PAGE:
Vivek Tiwary is a businessman as much as a writer, so for fans of comics as a genre, his interviews prove disappointing; this book serves as a trailer for a future live-action movie version of the story, and as such was designed to be a brief, digestible and visually compelling a promotional tool. “I wanted it to be something you could read in one sitting, depending on how fast you could read, to be able to finish it in about two hours,” he said in an interview with Bleeding Cool. (Read the rest of the interview here.)

Please don’t read this book in two hours — or if you do, please go back and read it again more carefully, because there’s so much to miss. One of the best examples is the lush sequence when Epstein first sees the Beatles, of which this page is only an excerpt:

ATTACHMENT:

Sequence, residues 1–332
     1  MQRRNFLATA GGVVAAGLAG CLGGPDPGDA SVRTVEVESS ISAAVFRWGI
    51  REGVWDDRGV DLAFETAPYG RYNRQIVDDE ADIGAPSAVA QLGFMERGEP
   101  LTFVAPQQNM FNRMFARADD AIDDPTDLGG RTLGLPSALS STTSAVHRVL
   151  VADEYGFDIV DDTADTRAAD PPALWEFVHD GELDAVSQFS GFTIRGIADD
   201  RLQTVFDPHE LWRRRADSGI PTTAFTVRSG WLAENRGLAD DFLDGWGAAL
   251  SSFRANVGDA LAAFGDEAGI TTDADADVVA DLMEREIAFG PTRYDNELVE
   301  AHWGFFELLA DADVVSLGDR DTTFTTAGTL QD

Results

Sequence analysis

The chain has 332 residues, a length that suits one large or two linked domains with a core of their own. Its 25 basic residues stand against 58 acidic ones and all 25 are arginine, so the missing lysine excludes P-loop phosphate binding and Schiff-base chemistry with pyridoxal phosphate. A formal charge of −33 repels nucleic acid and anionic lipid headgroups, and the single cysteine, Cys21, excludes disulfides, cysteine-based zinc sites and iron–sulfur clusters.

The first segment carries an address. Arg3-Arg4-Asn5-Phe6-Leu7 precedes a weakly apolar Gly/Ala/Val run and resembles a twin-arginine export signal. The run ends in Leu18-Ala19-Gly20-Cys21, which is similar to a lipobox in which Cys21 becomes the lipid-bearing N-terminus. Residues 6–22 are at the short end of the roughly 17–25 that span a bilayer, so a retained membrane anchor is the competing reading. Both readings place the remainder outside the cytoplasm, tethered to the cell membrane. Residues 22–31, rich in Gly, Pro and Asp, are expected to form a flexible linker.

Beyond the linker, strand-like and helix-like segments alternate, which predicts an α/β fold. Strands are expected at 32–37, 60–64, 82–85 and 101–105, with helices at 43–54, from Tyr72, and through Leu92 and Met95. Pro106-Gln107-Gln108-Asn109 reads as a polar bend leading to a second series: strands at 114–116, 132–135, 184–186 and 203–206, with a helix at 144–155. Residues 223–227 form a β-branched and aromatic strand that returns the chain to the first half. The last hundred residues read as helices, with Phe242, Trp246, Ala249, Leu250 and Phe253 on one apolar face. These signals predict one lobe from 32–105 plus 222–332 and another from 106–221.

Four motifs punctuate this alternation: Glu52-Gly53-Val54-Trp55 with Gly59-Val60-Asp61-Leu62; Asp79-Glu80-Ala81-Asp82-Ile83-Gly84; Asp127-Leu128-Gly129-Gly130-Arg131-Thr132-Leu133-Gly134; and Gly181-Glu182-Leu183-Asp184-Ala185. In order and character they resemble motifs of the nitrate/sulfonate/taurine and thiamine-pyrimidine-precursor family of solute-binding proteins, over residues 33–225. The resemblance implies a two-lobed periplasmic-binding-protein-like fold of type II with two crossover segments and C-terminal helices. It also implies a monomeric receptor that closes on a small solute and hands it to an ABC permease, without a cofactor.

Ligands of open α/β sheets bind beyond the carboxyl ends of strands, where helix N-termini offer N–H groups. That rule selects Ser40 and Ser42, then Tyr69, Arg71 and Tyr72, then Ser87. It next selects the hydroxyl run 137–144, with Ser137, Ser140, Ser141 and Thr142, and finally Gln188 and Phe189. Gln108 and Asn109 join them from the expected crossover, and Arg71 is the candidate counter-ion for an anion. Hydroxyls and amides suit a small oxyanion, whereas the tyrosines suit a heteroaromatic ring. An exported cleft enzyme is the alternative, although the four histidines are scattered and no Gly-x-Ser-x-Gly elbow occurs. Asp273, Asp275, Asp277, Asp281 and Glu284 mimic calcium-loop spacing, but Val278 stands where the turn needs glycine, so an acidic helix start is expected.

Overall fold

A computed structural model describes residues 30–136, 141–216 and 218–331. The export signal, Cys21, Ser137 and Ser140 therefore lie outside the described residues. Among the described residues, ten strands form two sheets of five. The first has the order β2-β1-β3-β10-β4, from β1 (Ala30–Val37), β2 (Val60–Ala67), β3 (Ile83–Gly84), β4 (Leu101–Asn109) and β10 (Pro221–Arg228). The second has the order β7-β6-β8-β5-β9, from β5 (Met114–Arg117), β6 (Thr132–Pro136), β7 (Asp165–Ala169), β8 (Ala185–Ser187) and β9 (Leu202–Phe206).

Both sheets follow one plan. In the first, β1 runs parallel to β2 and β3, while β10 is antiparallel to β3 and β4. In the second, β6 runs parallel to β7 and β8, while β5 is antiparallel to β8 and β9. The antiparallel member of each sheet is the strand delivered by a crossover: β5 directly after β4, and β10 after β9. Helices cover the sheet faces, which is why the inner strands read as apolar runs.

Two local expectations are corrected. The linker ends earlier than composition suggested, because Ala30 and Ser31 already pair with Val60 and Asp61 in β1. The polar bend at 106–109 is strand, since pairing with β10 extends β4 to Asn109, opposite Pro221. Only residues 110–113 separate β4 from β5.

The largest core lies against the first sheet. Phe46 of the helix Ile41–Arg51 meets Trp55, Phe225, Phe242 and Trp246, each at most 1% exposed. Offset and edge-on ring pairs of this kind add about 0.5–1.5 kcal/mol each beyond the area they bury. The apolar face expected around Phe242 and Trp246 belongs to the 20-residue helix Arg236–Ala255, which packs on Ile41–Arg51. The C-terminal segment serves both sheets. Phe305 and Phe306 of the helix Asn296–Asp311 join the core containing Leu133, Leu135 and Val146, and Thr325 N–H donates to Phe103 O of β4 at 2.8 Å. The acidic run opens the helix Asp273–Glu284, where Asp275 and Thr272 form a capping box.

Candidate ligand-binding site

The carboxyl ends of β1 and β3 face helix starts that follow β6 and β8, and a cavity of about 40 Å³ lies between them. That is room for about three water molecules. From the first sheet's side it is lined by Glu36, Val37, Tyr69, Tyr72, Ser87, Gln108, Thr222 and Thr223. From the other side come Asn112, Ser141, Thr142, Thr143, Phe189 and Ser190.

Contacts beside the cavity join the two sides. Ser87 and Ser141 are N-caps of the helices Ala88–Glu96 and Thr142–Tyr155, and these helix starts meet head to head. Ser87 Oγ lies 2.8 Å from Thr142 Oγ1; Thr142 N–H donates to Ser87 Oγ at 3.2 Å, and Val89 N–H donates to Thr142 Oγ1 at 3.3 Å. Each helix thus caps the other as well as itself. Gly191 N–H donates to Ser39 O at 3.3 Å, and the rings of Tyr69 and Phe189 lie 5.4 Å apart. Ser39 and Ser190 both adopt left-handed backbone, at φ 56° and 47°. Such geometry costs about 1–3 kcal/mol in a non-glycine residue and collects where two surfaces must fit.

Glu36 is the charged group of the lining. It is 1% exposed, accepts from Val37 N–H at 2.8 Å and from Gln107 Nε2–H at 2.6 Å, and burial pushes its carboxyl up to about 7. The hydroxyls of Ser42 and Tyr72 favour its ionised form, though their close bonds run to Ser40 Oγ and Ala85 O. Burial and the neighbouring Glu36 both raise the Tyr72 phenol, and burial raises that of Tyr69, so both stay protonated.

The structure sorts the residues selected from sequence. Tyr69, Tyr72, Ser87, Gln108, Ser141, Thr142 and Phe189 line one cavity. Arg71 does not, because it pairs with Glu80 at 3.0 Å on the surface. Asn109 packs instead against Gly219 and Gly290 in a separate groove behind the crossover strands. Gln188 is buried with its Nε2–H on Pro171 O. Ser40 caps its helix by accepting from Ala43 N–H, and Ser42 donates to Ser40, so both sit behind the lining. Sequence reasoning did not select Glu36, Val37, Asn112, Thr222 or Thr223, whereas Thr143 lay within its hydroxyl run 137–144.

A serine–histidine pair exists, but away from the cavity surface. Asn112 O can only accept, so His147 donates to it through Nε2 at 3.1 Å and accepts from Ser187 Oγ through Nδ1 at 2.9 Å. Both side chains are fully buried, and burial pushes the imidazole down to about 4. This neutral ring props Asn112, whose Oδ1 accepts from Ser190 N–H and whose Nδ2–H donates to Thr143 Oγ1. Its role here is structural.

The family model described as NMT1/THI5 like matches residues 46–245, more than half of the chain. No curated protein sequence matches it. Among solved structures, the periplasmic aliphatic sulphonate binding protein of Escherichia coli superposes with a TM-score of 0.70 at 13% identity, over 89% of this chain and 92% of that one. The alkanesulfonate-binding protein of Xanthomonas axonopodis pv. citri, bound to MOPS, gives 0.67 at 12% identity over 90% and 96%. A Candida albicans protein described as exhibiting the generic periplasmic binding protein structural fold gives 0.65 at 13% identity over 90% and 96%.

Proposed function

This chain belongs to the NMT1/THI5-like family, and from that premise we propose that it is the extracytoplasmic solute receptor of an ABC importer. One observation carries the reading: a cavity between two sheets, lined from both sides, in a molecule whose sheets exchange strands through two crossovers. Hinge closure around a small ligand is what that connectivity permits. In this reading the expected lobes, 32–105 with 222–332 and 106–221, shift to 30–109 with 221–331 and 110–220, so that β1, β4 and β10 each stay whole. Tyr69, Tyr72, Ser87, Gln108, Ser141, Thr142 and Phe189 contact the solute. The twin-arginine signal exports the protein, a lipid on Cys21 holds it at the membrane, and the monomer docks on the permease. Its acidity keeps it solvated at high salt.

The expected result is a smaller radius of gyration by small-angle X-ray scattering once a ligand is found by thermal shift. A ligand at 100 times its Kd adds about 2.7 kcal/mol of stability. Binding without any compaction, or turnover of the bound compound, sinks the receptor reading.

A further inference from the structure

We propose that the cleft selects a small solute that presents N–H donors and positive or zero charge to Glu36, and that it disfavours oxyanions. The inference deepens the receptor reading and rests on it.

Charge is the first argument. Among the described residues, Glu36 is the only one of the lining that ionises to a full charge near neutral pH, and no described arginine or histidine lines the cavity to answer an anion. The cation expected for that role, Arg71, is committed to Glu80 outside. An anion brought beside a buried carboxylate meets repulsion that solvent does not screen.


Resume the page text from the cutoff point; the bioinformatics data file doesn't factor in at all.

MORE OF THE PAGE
Bull fight

A page from “The Fifth Beatle” by Vivek Tiwary, Andrew C. Robinson and Kyle Baker.

Robinson’s use of color also expertly advances the story: The moment when Epstein first sees the Beatles, much like the moment when Dorothy wakes up in Oz, opens the whole story into Technicolor. Robinson continues to orchestrate color like a musical score, emotions and themes sweeping back and forth among dominant browns, grays, blues, reds and finally white.

Another section worth slowing down for is the lead-up to the Beatles’ 1964 “invasion” of the United States, only a few months after President Kennedy was shot. Here Tiwary’s narrative and Robinson’s illustrations juxtapose the innocence of the Beatles’ public image in these early years with the start of this dark chapter of U.S. history.


A page from “The Fifth Beatle” by Vivek Tiwary, Andrew C. Robinson and Kyle Baker.